The formation of AgNPs is initially confirmed by recording the UV-visible spectrum of the silver nano colloid with the course of time during the reaction. The UV-visible absorption spectrum of the Caffeic acid mediated synthesized AgNPs is shown in Figure 1. The presence of a well-defined surface plasmon resonance absorption peak at 403 nm showed by the prepared colloid indicated the formation of AgNPs. Further, the structure of the AgNPs prepared by using Caffeic acid extract was studied by using XRD analysis. XRD pattern of the AgNPs shown in Figure 2, revealed that the synthesized NPs are found to contain a face cantered cubic (FCC) structure, with diffractions peaks at 2θ of 38.3°, 44.5°, 64.5° and 78.8° with corresponding indexing planes of (1 1 1), (2 0 0), (2 2 0) and (3 1 1) confirm the AgNPs formation (JCPDS File No. 87-0720).


Figure 1: UV-visible absorption of silver nanocolloid.


Figure 2: XRD patterns of green synthesized AgNPs.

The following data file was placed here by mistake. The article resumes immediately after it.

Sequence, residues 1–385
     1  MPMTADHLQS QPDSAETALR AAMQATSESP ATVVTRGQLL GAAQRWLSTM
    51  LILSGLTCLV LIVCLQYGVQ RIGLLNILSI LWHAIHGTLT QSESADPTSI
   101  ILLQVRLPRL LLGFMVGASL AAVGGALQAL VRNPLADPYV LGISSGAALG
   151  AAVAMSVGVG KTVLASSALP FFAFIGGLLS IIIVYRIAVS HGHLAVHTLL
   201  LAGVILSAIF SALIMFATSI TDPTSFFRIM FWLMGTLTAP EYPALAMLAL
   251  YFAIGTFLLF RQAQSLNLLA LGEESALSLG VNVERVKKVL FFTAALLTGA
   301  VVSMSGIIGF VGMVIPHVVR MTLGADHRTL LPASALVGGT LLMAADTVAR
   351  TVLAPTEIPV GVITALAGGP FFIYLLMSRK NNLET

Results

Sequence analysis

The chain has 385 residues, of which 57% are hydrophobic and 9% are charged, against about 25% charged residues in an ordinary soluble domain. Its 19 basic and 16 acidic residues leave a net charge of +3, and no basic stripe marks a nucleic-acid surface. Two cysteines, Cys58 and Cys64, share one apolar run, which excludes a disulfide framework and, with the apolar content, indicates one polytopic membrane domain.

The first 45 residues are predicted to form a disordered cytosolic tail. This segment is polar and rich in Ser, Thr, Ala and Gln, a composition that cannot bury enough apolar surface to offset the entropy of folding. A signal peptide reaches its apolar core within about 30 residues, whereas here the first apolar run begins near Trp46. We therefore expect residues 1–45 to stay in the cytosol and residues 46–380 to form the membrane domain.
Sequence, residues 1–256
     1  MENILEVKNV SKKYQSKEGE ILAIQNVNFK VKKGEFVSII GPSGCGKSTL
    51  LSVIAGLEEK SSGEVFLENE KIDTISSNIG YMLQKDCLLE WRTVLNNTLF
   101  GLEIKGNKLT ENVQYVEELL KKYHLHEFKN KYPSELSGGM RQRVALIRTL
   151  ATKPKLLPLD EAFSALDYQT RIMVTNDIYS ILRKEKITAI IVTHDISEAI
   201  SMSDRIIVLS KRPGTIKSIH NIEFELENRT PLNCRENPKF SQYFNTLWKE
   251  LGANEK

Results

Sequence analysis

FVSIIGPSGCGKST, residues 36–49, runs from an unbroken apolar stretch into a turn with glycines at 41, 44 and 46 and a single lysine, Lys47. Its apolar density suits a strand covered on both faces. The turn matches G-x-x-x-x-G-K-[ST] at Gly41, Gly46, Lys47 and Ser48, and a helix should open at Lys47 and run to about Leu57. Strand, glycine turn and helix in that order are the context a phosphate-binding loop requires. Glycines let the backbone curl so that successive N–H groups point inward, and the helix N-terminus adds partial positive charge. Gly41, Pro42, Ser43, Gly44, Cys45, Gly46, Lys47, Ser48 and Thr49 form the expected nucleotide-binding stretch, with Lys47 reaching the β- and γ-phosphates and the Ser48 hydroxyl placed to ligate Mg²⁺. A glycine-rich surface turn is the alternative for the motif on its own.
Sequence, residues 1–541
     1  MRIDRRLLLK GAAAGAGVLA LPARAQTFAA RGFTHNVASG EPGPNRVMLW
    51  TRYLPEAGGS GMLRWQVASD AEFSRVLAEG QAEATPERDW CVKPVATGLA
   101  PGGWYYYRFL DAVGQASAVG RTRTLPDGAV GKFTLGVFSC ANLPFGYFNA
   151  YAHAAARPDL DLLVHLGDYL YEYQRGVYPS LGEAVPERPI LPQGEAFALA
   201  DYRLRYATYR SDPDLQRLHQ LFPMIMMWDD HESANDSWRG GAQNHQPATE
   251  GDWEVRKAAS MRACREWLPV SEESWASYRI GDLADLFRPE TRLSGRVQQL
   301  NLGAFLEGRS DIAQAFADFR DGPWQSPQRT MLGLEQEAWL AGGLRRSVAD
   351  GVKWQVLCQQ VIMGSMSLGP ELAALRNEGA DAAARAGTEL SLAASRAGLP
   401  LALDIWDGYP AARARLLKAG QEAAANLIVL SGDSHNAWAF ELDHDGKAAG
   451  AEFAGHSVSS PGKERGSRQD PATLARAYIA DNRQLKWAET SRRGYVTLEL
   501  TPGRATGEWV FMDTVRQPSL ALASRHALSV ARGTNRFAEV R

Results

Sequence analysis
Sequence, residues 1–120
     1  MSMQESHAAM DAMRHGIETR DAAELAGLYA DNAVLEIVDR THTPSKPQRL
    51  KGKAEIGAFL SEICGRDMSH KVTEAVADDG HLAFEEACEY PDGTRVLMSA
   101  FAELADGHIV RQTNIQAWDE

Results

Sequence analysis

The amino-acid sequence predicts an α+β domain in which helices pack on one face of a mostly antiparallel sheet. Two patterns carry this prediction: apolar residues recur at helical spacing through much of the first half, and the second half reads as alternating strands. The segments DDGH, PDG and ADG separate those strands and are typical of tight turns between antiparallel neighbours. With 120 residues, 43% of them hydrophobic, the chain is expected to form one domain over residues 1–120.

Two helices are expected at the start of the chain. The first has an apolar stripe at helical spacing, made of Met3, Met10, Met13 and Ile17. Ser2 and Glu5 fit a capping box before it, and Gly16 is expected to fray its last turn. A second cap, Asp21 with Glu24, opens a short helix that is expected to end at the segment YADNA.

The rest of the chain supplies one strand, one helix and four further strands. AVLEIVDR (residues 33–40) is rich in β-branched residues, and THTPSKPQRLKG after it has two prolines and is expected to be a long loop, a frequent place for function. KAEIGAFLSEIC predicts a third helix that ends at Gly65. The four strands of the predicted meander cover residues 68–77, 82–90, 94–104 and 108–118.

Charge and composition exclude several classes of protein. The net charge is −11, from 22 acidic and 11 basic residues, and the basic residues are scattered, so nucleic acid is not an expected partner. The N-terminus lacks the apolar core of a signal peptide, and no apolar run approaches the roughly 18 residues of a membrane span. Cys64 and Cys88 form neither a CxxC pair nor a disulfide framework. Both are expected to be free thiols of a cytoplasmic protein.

Figures 3A and 3B showed the TEM microscopic images of the synthesized AgNPs. TEM images revealed that AgNPs are polydispersed and spherical in shape with a mean average size of about 10 nm. On the other hand, the SAED pattern revealed the crystalline nature of biosynthesized AgNPs with well distinguished diffraction spots (Figure 3C). Also, the formation of AgNPs was confirmed by elemental analysis. Figure 3D, represented the EDS profile of the plant extract mediated AgNPs, which revealed the presence of strong signals related to elemental silver confirming the formation of AgNPs. The FTIR spectrum of the synthesized AgNPs shown in Figure 4. FTIR spectrum revealed the existence of two major bands at 3455 cm-1 and 1636 cm-1 corresponding to the hydroxyl (OH) stretching and carbonyl (C=O) group stretching vibrations. The size distribution of the prepared AgNPs was shown in Figure 5A. It is found that the average particle size of the NPs is about 10 nm. Further the zeta potential measurements showed that the surface charge of the prepared NPs was -55 mV (Figure 5B).